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E30 M3 (1986-1990)

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Old 01-15-2012, 04:12 PM
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rmorin49 rmorin49 is offline
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Newbie Needs Advice

While I have owned many BMWs over the years I have never owned an M car but now have a chance to purchase a very nice '88 M3 from a collector. Not knowing much about this particular model I need some advice on what I should be aware of in terms of problem areas. I also would like some advice on whether this model requires extensive maintenance as I would like to drive the car on a regular basis to local club events, shows, etc. I will NOT be tracking the car or abusing it. Thanks very much. Feel free to send me PM or email. If anyone has a pre-purchase checklist I would be most grateful. Thanks.

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Old 01-16-2012, 03:26 AM
7pilot 7pilot is offline
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First thing to look for is rust.
1, front cowl at each corner. There are drains in the recess for the front windshield. They get block by sealer during r&r of the glass and start to rust.
2, The jacking pads under the car .
3, the lower body seams are damaged because people use them as jack pads.
4, the rear panel at the license plate lights, and the license plate lower mounting screws is rust prone. The tail lights tend to cause rust on the panel as well.
5, the composite body cladding tends to hide rust that starts with the fasteners .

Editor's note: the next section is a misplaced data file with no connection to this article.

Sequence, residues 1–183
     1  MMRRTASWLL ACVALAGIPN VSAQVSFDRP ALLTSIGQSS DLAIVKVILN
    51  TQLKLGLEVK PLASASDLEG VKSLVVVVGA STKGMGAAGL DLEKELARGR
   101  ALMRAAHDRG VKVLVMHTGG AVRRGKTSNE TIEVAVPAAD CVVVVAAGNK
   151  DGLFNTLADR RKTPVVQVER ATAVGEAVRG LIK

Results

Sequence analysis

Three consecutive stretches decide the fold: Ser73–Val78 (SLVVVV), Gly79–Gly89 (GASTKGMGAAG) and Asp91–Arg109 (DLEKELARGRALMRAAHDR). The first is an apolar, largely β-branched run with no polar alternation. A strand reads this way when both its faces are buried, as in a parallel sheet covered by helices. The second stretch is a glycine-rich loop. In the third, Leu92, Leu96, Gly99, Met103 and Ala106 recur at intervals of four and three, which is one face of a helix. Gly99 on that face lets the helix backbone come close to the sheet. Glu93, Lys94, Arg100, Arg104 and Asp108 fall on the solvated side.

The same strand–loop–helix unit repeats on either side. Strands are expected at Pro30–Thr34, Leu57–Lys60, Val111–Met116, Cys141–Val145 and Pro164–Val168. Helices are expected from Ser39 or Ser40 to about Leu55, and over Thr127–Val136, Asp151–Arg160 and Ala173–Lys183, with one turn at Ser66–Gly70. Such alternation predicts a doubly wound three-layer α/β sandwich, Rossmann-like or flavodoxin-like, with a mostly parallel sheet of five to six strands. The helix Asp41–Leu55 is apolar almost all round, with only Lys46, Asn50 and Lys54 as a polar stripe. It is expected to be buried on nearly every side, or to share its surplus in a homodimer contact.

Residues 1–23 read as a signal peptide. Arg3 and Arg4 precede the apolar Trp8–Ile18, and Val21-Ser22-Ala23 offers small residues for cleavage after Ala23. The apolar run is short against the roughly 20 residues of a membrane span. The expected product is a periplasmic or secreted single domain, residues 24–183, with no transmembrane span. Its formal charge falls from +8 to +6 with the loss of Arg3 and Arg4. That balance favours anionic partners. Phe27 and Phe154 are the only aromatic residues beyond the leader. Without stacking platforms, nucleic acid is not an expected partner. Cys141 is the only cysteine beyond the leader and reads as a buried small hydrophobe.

6, In the last ten years, the reputation of the car has gotten the attention of many people, and as a result there have been not a few body shops that have taken advantage of the rarity of the car and the avidness of owners, to turn out some real sheds. Avoid restored cars unless you can prove the providence of the shop doing the work.
7, the VIN# can be found on all body panels, and stamped on the cowl strip to verify originality and rule out accident damage.
8, Accident damage can be well repaired, but even so, rust does not sleep(imo) so it is best to avoid car that have been hit too hard.
9, With the exception of the hood , the body panels are bespoke to the M3.

1, Check behind the fuse box for cracks in the firewall the result from track use with R compound rubber, but no bracing between the strut towers.
2, Check the front frame rails from the engine bay. Look for straight seams and a uniform appearance to the rails.


1, If the car is near or just past 100k miles and there is no documentation, then it is a wise economy to have the rod bearings replaced.
If this is not done, one can anticipate around $5k for a total rebuild in 30k miles .
2, If there is a clatter on start up when the nose of the car is uphill, then the hydraulic chain tensioner requires replacement.
3, the engine requires a valve clearance adjustment at regular intervals.
Otherwise it is a robust engine when in good fettle.
4, The engines are commonly chipped to raise the redline to 7500-7800 rpm, so think twice about rod bearings on such examples.
The engine components command a hefty premium due to their bespoke nature and low volume.


The geometry of the suspension is different to that of the other E30.
1, the front strut/steering knuckle are only available to this car and are very expensive. Otherwise the suspension can be bodged using regular E30 parts.
2, The car uses 5 lug wheels as opposed to 4 lug on the others.
3, front wheel bearings are larger than the other E30s.

1, Rotors and front calipers are bespoke items.
2, Rear calipers accept pads from the E36 range.
3, ABS sensors are the same as the other E30 but the ABS ECU is of a different calibration.

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